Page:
That being said, Eat Brains Love does have a lot going for it. For one, this has to be one of if not the most original takes on zombies in the last decade or so. Not only is the zombie virus transmitted through sex and not bites, but the virus itself is treated more like a werewolf gene, in which Jake, Amanda, and others only become zombies when triggered, either through hunger, lust, rage, whatever, otherwise appearing human, albeit with a few odd cravings. I can’t recall anything like the concept in the flesh-walking sub-genre. As Jake puts it, it’s the “herpes of the undead”, flaring up once in a while and otherwise going unnoticed. While this begs some logic questions on how the NCD (Necrotic Control Division) has kept this contained, it’s a highly original concept that allows Jake and Amanda to have a few cute moments and occasionally question right, wrong, and their own existence.
There’s a whole of wrong in this movie, and I mean that in the best way. Eat Brains Love cooks up the kind of crude, gory comedy you’ll want to devour. Flender does not hold back in the slightest when it comes to pouring on the red stuff, to the point where even seasoned horror vets are going to cringe, especially men, who won’t be able to help crossing their legs during one specific zombie feasting involving a naked rapist (oh yeah, Jake and Amanda decide to only eat bad people at a certain point). The bloodshed in Eat Brains Love is extreme, with enough flesh munching and intestine ripping to make George Romero proud. I don’t say this lightly, but those with weaker stomachs will want to bring a barf bag. Blood is shed by the gallon in this film, and thanks to Eat Brains Love, I now know what a premature blood-ejaculation looks like.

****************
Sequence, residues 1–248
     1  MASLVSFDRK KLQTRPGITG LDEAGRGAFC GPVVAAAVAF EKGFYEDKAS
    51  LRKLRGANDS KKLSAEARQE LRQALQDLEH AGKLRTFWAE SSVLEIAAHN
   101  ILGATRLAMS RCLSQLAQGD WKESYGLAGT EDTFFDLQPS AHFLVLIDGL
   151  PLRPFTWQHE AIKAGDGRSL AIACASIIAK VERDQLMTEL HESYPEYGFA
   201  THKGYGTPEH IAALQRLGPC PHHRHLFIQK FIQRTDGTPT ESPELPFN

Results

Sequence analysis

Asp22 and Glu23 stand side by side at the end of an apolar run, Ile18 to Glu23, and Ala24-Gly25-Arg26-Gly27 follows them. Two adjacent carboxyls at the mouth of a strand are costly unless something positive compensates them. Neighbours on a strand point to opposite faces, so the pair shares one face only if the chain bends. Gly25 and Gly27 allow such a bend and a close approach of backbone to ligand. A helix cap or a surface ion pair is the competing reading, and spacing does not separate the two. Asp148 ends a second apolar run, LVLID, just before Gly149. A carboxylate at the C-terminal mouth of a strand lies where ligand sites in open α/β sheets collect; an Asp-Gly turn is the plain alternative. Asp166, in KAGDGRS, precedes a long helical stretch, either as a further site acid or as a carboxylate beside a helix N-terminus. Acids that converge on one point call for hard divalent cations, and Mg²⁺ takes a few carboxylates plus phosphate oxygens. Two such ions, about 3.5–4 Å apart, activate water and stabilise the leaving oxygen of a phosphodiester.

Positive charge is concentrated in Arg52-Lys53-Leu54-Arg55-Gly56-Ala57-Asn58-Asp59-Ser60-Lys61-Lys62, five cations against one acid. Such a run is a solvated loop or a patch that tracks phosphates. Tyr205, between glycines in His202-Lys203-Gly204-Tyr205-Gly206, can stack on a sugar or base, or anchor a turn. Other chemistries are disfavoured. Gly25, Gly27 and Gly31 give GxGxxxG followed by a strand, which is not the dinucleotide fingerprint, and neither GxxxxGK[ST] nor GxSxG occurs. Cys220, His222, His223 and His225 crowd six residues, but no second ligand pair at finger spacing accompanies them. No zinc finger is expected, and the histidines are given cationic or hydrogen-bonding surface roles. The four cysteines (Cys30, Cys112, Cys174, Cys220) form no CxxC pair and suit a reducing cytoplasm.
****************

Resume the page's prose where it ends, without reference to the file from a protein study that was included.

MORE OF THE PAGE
At its undead core, Eat Brains Love is the nasty version of Warm Bodies. Flender’s film is a twisted, undead romance that never fails to be as gross as possible. Amanda biting the head off of a rat and then using it like a mic to sing to Jake while blood dribbles from her mouth may be highly disturbing, but the two are so cute together, it works. What doesn’t work is the Cass side story with her preventing her bosses from finding the flesh-eating couple because she has a crush on Jake, which, as much as I love Yarkin, feels totally unnecessary. Mostly because there’s no good reason for why Cass finds herself having a crush on Jake in the first place other than he was “nice to her”, and all the storyline is ever really used for is to show Amanda and Cass being jealous of each other, instead of questioning why either of them is so attracted to Jake. The whole subplot comes off like more of a misguided male fantasy. I frequently wanted to be able to pull Cass and Amanda aside and say “girl, you can do better”. And if you’re hoping for an ending that resolves this or really any of the other issues these characters face, well, don’t hold your breath.
Despite all of its flaws, Eat Brains Love is a twisted romantic comedy that is wildly entertaining, and is going to satisfy anyone who loved the concept of Warm Bloodies, but wanted something a little more hardcore. If that was you, then this is a tasty treat you won’t want to miss out on.
By Matt Konopka